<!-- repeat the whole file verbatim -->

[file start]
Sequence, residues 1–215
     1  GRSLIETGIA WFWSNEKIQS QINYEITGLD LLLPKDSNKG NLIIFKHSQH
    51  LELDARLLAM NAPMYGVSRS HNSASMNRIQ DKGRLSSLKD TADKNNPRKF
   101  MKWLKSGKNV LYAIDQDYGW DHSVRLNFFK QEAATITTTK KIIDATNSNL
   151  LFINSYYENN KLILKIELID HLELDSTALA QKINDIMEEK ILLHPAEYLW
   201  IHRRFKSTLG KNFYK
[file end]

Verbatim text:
Sequence, residues 1–215
     1  GRSLIETGIA WFWSNEKIQS QINYEITGLD LLLPKDSNKG NLIIFKHSQH
    51  LELDARLLAM NAPMYGVSRS HNSASMNRIQ DKGRLSSLKD TADKNNPRKF
   101  MKWLKSGKNV LYAIDQDYGW DHSVRLNFFK QEAATITTTK KIIDATNSNL
   151  LFINSYYENN KLILKIELID HLELDSTALA QKINDIMEEK ILLHPAEYLW
   201  IHRRFKSTLG KNFYK